Presence of HIV RNA in cerebrospinal fluid that is undetectable with the ultrasensitive assay.

Type: Poster
Title: Presence of HIV RNA in cerebrospinal fluid that is undetectable with the ultrasensitive assay.
Authors: Letendre S, McClernon D, Benjamin R, Clifford D, Collier A, Gelman B, McArthurJ, McCutchan J, Morgello S, Ellis R, and the CHARTER Group
Date: 02-25-2007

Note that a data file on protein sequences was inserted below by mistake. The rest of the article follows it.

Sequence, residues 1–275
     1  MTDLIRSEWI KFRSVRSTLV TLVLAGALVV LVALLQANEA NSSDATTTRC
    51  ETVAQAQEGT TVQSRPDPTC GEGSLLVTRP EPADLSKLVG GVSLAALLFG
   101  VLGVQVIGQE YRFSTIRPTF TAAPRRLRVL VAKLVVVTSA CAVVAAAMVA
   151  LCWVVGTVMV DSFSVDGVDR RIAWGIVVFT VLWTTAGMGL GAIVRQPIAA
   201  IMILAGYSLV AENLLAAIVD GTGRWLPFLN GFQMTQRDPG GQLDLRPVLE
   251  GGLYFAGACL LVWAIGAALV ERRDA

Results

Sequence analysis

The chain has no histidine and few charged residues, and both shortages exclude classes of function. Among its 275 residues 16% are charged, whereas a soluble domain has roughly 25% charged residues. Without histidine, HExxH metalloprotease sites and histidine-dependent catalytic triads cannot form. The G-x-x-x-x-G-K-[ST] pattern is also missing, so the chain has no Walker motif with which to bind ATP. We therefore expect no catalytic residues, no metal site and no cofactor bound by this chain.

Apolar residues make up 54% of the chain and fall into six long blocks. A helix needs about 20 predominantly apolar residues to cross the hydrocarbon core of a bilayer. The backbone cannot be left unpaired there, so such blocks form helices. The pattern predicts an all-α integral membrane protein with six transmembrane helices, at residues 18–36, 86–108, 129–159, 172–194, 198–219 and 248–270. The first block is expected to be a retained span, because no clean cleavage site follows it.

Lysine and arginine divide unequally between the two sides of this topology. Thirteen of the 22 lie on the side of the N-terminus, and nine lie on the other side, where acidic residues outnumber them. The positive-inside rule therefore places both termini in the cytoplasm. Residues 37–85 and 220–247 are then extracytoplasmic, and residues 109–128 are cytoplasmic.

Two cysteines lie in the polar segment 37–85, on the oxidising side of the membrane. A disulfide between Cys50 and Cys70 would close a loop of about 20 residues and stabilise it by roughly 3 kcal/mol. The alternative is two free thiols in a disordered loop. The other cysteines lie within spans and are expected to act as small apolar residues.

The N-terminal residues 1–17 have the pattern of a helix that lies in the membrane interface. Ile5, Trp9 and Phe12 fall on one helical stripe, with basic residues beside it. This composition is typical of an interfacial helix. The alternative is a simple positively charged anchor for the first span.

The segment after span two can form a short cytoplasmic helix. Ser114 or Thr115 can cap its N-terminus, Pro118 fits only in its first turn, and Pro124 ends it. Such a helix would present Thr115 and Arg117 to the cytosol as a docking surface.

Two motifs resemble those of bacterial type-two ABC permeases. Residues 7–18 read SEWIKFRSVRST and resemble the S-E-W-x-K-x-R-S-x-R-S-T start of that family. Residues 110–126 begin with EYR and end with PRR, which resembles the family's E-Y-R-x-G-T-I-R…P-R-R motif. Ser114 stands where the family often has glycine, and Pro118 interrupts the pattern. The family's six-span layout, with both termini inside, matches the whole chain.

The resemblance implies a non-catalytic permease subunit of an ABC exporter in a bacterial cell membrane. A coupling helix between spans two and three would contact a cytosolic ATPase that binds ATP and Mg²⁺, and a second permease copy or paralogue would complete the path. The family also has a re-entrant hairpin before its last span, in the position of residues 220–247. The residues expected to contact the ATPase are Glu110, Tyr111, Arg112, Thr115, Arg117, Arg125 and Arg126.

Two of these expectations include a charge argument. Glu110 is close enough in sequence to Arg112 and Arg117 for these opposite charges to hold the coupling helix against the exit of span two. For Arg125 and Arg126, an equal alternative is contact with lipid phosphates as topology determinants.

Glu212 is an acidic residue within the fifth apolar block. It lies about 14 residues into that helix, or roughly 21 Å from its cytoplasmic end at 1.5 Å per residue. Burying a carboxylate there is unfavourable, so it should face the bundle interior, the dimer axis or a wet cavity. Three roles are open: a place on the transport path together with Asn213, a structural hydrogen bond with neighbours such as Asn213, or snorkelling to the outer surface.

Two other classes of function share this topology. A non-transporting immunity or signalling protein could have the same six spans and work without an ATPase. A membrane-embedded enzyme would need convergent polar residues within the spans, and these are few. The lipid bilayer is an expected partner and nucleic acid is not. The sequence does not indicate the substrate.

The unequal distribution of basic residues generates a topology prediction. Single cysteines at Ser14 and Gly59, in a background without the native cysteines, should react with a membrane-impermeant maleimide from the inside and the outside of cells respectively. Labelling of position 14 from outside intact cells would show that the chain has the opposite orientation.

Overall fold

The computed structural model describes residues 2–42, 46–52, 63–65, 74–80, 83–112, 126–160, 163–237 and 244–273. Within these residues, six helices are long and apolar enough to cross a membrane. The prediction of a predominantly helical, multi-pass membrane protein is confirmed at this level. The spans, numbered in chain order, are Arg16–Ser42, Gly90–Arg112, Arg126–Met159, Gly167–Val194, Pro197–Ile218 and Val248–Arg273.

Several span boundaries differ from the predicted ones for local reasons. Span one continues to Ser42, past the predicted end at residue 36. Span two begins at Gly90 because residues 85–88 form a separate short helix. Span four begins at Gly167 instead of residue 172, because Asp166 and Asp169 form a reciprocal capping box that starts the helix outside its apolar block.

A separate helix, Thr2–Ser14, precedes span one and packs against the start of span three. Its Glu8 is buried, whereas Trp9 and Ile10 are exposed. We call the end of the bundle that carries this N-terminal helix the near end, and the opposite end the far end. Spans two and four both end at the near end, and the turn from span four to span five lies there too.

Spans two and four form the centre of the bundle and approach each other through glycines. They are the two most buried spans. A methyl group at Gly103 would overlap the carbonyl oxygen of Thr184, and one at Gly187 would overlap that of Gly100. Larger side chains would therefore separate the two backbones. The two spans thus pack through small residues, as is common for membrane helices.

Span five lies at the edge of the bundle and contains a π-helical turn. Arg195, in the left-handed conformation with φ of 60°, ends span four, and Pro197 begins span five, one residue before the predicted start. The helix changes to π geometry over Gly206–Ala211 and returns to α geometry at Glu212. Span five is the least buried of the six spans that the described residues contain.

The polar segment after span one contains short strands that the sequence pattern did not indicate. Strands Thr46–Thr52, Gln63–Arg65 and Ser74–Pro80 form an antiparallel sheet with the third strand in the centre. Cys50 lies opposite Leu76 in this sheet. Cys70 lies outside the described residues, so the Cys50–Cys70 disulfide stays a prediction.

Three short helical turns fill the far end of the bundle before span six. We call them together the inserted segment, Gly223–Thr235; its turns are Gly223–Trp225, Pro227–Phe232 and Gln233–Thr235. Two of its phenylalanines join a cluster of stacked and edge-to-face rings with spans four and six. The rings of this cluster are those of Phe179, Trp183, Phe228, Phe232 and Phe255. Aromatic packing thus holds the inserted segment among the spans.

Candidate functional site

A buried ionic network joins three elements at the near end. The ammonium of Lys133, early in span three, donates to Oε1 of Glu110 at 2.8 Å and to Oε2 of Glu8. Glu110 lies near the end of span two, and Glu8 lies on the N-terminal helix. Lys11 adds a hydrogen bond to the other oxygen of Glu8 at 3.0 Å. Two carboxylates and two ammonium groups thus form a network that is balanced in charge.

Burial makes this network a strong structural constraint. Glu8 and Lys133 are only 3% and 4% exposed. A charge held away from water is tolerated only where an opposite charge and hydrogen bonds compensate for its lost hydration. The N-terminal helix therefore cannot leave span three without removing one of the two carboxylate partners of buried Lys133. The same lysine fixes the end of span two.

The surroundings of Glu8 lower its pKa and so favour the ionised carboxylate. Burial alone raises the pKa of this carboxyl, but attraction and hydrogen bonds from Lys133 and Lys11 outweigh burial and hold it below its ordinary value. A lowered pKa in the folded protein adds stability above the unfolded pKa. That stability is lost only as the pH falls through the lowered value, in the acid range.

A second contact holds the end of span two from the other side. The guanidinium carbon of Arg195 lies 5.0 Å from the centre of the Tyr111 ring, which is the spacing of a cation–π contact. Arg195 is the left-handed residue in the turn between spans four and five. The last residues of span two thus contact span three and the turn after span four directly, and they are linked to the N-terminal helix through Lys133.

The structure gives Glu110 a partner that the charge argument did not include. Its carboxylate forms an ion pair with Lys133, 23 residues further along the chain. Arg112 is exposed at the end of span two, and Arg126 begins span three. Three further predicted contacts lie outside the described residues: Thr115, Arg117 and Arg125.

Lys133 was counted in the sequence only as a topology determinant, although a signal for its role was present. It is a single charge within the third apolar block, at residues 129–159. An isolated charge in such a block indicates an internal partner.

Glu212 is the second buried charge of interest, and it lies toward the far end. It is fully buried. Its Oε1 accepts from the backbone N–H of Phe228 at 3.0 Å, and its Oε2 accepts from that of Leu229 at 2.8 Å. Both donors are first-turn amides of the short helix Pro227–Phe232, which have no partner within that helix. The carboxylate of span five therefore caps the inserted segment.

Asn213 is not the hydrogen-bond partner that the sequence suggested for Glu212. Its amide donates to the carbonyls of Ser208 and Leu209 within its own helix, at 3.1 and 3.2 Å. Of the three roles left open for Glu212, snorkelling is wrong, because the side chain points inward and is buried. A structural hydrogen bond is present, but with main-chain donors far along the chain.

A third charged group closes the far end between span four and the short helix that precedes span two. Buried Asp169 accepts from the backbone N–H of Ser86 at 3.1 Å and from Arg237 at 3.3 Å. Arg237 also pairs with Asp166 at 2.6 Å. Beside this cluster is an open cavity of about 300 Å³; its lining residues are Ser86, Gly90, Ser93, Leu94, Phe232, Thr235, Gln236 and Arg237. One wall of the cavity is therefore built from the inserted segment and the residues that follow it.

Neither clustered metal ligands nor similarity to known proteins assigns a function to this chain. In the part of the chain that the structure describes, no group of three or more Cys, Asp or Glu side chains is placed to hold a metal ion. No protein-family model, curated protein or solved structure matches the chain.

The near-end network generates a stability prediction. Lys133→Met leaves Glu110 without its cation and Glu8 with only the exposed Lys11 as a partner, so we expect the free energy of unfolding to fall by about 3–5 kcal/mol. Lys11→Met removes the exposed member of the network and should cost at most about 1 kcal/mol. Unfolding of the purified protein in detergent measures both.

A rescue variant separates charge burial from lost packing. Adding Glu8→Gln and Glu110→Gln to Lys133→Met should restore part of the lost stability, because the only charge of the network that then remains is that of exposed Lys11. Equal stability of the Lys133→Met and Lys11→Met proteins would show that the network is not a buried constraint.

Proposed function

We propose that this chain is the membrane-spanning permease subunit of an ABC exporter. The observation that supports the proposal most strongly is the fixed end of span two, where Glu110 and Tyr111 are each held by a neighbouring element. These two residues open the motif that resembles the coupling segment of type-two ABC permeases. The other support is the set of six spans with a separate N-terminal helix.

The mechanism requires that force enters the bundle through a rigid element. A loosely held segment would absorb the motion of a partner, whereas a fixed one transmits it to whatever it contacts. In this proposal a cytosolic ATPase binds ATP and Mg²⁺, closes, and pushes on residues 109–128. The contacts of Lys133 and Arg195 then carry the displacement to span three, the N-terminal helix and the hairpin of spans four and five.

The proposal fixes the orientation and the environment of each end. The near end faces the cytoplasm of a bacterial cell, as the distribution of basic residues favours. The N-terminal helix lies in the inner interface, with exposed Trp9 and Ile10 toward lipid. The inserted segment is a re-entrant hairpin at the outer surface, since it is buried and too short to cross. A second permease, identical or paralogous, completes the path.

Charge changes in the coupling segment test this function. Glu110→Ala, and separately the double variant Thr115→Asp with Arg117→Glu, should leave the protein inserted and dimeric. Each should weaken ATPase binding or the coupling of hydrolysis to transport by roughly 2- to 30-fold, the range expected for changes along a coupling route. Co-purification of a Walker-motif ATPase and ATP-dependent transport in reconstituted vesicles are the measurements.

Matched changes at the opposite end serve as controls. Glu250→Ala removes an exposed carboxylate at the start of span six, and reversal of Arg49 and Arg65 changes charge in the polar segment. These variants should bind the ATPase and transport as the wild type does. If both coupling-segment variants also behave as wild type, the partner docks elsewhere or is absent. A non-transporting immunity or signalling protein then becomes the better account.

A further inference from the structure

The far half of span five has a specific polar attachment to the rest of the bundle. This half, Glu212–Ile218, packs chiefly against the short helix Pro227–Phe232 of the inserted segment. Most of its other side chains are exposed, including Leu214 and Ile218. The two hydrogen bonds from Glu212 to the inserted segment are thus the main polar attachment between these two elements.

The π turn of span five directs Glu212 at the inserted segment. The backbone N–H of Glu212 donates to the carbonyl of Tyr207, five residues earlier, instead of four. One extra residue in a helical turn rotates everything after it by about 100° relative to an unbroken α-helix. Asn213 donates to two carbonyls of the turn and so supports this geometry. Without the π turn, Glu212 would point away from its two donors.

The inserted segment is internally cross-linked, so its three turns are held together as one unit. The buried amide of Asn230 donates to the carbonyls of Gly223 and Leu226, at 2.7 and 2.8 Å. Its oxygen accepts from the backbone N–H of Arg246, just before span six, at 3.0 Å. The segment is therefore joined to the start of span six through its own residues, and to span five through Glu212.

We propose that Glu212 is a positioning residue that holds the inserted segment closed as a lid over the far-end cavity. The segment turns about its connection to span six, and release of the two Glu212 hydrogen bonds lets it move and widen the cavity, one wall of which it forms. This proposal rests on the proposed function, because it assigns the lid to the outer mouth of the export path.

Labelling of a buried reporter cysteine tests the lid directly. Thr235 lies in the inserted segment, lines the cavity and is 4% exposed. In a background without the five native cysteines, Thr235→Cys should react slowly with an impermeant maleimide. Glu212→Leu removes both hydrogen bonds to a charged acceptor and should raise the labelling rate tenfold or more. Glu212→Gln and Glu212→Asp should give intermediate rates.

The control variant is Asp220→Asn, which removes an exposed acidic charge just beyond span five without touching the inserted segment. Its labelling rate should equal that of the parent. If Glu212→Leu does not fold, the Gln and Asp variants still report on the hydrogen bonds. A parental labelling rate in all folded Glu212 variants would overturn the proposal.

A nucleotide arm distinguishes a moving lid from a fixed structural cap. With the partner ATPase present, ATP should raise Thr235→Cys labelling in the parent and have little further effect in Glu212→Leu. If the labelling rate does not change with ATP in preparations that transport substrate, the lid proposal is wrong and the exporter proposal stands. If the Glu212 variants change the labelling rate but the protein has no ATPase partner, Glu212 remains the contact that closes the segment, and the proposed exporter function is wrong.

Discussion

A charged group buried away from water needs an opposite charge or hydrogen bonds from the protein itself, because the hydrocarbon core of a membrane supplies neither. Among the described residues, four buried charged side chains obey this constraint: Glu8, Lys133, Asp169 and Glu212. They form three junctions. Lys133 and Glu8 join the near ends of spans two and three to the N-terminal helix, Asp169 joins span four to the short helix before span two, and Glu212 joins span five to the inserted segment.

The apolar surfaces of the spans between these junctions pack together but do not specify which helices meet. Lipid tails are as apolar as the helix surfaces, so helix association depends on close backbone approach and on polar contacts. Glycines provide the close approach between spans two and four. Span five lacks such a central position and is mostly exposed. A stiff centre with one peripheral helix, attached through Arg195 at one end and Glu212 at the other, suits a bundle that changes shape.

Abstract:Background: The prevalence of HIV Neurocognitive Impairment (HNCI) remains high despite the use of combination antiretroviral therapy (ART). ART can reduce HIV RNA in plasma below 50 c/mL but penetrates into the central nervous system in reduced concentrations, which may allow ongoing replication and injury. The objective of this analysis was to determine the proportion of CSF specimens that have HIV RNA > 2.5 copies (c)/mL among those < 50 c/mL as measured with an ultrasensitive commercial assay. Methods: 125 CSF specimens with HIV RNA levels < 50 c/mL were selected from 125 participants of the CHARTER study, a North American observational cohort. Specimens were selected to vary potentially influential factors, such as HIV RNA in plasma, blood CD4+ counts, HCV serostatus, and neuropsychological (NP) performance. 2 mL CSF specimens were assayed using a modified real-time NucliSens EasyQ HIV-1 assay and software interpolation capable of quantifying HIV RNA to 2.5 c/mL. RNA data were transformed to an ordinal variable (> or ! 2.5 c/mL) and compared with other measures using parametric and non-parametric statistical tests. A CNS Penetration Effectiveness (CPE) Score was calculated as previously described with higher CPE Scores indicating better CNS penetration. Results: 112 subjects (90%) were taking ART; 40 (32%) had HIV RNA in plasma <50 c/mL; the median CD4 count was 421/"L; 89 (71%) had been diagnosed with AIDS. 62 (50%) CSF specimens had HIV RNA > 2.5 c/mL. Detectable levels in CSF were associated with higher HIV RNA in plasma (median 218 vs. 133 c/mL, p=.01) and higher CD4 nadirs (median 180 vs. 101/"L, p=.03). Detectable levels were not associated with leukocyte or erythrocyte counts in CSF, HCV seropositivity, worse NP performance, or duration of regimen. Among the 40 subjects with HIV RNA < 50 c/mL in both CSF and plasma, 17 (42%) had measurable RNA in CSF and this was associated with lower CPE scores (median 1.5 vs. 2.0, p=.01). Twelve subjects who were taking ART had a second study visit. Three of these individuals had undetectable RNA in CSF at their first visit and detectable RNA at the second. CPE Scores were also lower in these 3 subjects than in the other 9 (median .75 vs. 2, p=.02). Conclusions: Nearly half of CSF specimens that had undetectable HIV RNA with an ultrasensitive commercial assay had measurable virus with a more sensitive assay. Lower ART penetration was associated with detectable HIV RNA in CSF in a clinically relevant subgroup and in the small number of longitudinal specimens. These analyses indicate that a substantial proportion of individuals have HIV in CSF despite otherwise successful ART, which may explain the occurrence of HNCI in treated individuals.